"The Adventure of the Greek Interpreter", one of the 56 Sherlock Holmes short stories written by British author Sir Arthur Conan Doyle, is one of 12 stories in the cycle collected as The Memoirs of Sherlock Holmes. The story was originally serialised in The Strand Magazine in 1893. This story introduces Holmes's elder brother Mycroft. Doyle ranked "The Greek Interpreter" seventeenth in a list of his nineteen favourite Sherlock Holmes stories.
On a summer evening, while engaged in an aimless conversation that has come round to the topic of hereditary attributes, Doctor Watson learns that Sherlock Holmes, far from being a one-off in terms of his powers of observation and deductive reasoning, in fact has an elder brother whose skills, or so Holmes claims, outstrip even his own. As a consequence of this, Watson becomes acquainted with the Diogenes Club and his friend's brother, Mycroft Holmes.
Mycroft, as Watson learns, does not have the energy of his younger brother and as a consequence is incapable of using his great skills for detective work:
- "If the art of the detective began and ended in reasoning from an arm-chair, my brother would be the greatest criminal agent that ever lived. But he has no ambition and no energy. He will not even go out of his way to verify his own solution, and would rather be considered wrong than take the trouble to prove himself right."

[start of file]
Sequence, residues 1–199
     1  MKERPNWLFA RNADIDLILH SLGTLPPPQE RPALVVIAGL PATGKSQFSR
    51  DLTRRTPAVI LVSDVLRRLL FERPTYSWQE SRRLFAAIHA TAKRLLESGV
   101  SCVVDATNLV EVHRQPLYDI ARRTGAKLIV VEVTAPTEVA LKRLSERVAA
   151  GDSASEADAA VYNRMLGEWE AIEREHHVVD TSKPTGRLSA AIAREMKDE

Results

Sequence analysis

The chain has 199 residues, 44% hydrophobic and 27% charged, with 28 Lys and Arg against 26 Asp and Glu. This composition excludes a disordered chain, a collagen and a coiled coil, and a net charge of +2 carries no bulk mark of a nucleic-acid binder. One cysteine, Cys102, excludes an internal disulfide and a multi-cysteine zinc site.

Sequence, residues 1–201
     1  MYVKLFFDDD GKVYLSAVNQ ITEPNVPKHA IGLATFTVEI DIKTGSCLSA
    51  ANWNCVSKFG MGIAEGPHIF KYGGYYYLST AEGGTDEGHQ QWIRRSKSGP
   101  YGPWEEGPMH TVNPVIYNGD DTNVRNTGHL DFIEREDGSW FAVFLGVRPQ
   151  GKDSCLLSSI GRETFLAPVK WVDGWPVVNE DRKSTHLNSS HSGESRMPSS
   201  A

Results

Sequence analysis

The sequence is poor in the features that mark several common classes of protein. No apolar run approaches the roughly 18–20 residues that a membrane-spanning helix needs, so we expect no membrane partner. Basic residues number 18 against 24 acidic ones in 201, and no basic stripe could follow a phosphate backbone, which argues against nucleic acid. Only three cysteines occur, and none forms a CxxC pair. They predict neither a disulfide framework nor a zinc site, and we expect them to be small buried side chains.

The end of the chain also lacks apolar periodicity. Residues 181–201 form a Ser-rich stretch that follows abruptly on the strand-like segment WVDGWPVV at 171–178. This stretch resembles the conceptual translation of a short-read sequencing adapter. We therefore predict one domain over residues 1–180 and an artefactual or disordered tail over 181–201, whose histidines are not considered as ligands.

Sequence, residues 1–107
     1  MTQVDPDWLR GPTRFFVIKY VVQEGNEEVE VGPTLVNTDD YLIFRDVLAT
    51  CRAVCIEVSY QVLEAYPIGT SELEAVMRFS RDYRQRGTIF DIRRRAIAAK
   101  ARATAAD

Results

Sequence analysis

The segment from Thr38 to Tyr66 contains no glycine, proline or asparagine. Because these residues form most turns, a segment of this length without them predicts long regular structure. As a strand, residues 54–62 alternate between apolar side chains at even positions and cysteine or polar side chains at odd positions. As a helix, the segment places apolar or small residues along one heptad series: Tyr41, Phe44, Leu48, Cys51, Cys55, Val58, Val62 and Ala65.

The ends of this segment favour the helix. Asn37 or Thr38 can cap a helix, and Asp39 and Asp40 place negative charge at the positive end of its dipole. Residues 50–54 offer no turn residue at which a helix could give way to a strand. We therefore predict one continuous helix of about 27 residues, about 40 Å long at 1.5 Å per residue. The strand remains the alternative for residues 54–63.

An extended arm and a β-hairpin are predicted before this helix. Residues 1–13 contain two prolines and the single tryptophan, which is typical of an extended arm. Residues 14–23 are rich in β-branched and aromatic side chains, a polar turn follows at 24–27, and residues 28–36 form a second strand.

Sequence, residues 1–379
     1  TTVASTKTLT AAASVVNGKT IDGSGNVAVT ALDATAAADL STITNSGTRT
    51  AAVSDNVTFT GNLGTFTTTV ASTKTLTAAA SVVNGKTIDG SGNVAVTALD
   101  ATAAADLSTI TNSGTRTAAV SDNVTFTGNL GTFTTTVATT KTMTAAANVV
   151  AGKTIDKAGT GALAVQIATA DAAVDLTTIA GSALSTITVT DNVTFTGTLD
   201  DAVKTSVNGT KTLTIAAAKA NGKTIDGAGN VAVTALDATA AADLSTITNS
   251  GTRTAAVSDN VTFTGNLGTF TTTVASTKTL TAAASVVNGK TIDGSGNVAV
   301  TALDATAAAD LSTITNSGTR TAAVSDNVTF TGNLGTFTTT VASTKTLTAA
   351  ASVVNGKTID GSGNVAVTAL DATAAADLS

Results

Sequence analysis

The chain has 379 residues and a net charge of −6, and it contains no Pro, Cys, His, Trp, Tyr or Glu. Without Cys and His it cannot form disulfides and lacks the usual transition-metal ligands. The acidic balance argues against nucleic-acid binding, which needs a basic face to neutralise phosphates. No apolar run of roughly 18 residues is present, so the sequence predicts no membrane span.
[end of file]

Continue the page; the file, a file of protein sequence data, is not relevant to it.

- ―Holmes talking about his brother, Mycroft.
In spite of his inertia, the elder Holmes has often delivered the correct answer to a problem that Sherlock has brought to him. On this occasion, however, it is Mycroft who has need to consult Sherlock. Mr Melas, a Greek interpreter and neighbour of Mycroft, tells of a rather unnerving experience he has recently gone through.
Melas was called upon one evening by a man named Harold Latimer to go to a house, supposedly in Kensington, to do some translation in a business matter. On the way there in Latimer’s coach, Melas noticed that the windows were papered over so that he could not see where he was. Latimer also produced a bludgeon, laying it beside him as an implied threat. Melas protested, saying that what Latimer was doing was unlawful. The kidnapper replied that he would make it up to Melas, but also threatened him with unspecified retribution should the evening’s business ever be made public.
For approximately two hours they rode, at last arriving at a house. It was dark, and Melas only got a general impression of a large lot as he was hustled out of the coach and into the house. The house itself was poorly lit, but Melas made out that it was quite big. In the room into which he was led by Latimer and another, nervous, giggling gentleman, whose name is later discovered to be Wilson Kemp; Melas noticed a deep-pile carpet, a high marble mantel, and a suit of Japanese armour.
Another man was brought into the room. He was thin and emaciated and had sticking plaster all over his face, notably a big piece sealing his mouth. Melas knew then that things were not right. Melas was sly enough to observe that his kidnappers were utterly ignorant of Greek, and used this to find out some information. While Latimer and his giggling companion had Melas translate demands that this man sign some papers, Melas added his own short questions to the dialogue. The man not only answered Latimer that he would never sign these papers, but he also answered Melas that his name was Paul Kratides, that he had been in London for three weeks, that he had no idea what house he was in, and that his captors at the house were starving him. He wrote all his answers, unable as he was to speak through the sticking plaster.
Much could be inferred from Kratides’s answers to Latimer, too. Evidently, Latimer was trying to coerce Kratides into signing over property to him, and a woman was also involved. Latimer had warned Kratides that his obstinacy would do her no good.